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Lawsuit claims USCIS overstepping authority

A lawsuit has been filed challenging the claimed authority of United States Citizenship and Immigration Services to set H1-B visa time limits arbitrarily. Employers and people in California on H1-B visas might be interested in the specifics of the case.

USCIS has taken the position that it has the authority to set H1-B visa durations to any length according to its own discretion, leading to situations like a visa being approved for only one day or visas that expire before employers have received them. The attorney who filed the lawsuit said USCIS is essentially picking approval times at random, which can cause serious problems for employers. It's nearly impossible to operate a business if H1-B visa periods are arbitrarily limited. Approvals that last six or fewer months are regular, especially in the information technology industry.

The plaintiff in the lawsuit claims that H1-B visas can be approved for periods of three years, less on the request of the employer. The regulations do not give USCIS the authority to set a time of less than three years unless the employer has asked for it, says the plaintiff in the case.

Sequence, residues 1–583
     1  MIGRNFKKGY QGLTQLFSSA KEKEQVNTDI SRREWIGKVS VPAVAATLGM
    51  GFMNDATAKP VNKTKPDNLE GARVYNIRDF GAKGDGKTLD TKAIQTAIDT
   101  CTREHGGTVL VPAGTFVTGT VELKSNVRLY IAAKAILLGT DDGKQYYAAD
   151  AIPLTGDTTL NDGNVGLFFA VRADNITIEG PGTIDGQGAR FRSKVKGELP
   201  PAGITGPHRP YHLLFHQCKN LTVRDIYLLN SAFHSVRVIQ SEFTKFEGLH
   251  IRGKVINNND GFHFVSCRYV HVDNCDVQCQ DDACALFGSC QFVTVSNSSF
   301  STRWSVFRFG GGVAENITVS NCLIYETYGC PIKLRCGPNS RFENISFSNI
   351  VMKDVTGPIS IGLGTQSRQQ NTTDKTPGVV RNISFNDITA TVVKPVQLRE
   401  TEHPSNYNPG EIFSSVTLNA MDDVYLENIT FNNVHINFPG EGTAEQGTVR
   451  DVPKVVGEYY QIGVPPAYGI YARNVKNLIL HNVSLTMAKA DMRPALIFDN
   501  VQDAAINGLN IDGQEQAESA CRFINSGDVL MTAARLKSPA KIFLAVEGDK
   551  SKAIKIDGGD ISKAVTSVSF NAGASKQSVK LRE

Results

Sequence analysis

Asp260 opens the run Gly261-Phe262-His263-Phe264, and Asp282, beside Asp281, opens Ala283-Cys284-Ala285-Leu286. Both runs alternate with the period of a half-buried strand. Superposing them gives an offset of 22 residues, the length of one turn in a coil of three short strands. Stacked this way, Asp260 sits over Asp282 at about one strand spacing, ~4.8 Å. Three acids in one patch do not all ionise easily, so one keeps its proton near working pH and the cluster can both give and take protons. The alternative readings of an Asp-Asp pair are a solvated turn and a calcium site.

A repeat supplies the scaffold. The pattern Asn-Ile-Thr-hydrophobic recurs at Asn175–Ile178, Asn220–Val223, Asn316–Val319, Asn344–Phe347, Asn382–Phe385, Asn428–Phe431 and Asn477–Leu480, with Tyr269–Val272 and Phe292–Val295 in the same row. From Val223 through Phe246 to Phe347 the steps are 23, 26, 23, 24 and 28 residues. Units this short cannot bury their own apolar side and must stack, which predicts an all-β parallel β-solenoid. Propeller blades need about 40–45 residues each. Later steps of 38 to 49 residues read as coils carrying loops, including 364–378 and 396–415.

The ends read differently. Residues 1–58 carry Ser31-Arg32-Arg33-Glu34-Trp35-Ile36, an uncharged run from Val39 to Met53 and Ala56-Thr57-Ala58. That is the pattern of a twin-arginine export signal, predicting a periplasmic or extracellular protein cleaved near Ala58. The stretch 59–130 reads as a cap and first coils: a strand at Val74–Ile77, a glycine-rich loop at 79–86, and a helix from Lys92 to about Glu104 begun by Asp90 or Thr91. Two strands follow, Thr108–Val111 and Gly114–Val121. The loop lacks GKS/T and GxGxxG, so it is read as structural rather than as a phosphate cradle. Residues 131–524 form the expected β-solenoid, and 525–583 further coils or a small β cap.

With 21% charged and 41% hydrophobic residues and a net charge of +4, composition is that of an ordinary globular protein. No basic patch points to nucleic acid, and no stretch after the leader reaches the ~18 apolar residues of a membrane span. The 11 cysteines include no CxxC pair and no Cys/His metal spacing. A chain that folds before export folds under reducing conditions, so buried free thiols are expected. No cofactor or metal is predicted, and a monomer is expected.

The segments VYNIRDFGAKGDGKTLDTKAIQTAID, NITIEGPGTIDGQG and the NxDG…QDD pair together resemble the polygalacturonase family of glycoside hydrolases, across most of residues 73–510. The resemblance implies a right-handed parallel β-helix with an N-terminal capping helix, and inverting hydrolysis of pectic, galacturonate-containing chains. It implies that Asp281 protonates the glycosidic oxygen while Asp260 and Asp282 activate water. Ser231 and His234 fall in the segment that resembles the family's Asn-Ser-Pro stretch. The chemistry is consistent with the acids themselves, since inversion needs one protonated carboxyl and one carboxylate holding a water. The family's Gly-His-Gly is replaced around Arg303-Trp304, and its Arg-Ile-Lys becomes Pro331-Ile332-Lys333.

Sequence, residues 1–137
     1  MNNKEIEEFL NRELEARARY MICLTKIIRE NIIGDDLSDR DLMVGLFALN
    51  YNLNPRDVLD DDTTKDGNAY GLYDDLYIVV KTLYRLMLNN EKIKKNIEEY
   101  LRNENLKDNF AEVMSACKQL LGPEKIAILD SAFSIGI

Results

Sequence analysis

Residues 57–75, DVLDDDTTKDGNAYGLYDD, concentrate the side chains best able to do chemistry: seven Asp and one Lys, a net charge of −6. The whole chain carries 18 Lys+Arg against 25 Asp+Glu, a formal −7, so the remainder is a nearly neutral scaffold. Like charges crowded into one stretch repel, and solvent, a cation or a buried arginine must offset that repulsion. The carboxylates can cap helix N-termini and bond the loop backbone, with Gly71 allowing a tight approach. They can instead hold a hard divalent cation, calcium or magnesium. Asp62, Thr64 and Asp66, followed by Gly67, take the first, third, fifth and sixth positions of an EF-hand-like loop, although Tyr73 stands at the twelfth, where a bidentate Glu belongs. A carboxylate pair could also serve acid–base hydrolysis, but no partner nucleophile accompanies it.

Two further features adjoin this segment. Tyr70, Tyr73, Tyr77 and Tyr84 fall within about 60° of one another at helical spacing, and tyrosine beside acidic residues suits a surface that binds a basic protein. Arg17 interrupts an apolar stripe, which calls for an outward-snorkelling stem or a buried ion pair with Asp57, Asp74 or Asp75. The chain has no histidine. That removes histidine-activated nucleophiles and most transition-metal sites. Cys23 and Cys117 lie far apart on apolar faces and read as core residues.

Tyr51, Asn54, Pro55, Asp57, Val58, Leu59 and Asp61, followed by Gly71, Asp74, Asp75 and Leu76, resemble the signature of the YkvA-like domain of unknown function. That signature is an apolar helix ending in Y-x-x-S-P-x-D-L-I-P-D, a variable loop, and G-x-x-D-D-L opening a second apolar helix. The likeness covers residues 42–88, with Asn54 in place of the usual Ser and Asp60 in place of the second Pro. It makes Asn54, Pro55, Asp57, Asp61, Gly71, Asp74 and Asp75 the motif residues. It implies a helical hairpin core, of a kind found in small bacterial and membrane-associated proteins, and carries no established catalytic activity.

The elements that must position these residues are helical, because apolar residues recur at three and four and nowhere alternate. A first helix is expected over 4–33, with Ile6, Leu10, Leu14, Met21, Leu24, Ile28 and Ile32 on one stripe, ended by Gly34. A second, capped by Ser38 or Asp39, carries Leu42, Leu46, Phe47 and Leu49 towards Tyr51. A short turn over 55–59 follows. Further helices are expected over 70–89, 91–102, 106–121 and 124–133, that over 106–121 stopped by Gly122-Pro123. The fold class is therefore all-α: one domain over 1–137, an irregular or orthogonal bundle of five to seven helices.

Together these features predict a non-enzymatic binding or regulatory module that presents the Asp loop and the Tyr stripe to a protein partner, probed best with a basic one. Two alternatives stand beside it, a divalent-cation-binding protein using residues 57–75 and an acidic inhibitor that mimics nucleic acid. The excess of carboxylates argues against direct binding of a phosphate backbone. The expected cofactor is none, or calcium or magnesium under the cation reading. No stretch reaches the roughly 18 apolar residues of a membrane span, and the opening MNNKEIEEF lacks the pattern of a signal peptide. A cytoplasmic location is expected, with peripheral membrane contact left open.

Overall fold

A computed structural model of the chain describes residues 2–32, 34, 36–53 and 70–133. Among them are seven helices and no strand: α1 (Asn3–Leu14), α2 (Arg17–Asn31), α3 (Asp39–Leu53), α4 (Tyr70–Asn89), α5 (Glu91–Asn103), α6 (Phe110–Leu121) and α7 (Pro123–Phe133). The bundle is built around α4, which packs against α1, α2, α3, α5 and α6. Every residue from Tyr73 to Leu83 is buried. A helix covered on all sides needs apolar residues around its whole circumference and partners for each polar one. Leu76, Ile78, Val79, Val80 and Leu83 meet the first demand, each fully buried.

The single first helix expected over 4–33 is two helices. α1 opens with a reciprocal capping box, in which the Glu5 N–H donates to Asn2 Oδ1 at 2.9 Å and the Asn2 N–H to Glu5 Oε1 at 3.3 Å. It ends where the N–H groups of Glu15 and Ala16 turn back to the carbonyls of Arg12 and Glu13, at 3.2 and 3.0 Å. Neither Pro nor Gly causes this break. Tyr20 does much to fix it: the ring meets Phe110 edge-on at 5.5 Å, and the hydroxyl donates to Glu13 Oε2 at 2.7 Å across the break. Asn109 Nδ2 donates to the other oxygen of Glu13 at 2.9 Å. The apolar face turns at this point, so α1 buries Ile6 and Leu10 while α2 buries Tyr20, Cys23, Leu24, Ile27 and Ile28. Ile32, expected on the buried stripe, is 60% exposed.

The USCIS cites two sources for its claimed authority: the itinerary rule from January 1990 and a proposed rule from 1998 that was never finalized. The complaint alleges that USCIS admitted the 1998 rule was beyond the legal authority of the agency. In a 2018 policy memo, USCIS said it would, in its discretion, limit approvals to the length of time the employee will have work in the U.S.

In cases where a California employee is seeking approval to remain in the U.S. or where an employer wants a longer term for an H1-B employee, an attorney might be able to help. An attorney with experience in immigration law may help with the drafting of USCIS forms and filings or communicate with federal officials on the client's behalf.

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